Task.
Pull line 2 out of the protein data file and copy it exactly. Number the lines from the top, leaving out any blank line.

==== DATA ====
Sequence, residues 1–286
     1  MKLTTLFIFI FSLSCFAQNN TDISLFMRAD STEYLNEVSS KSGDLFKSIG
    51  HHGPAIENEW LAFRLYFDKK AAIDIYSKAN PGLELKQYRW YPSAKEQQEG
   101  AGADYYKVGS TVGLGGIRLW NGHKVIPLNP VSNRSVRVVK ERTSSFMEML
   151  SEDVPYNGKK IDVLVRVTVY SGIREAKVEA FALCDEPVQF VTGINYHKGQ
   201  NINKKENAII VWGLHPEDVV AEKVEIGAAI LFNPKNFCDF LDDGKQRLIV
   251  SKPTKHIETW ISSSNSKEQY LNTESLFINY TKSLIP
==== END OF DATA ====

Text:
     1  MKLTTLFIFI FSLSCFAQNN TDISLFMRAD STEYLNEVSS KSGDLFKSIG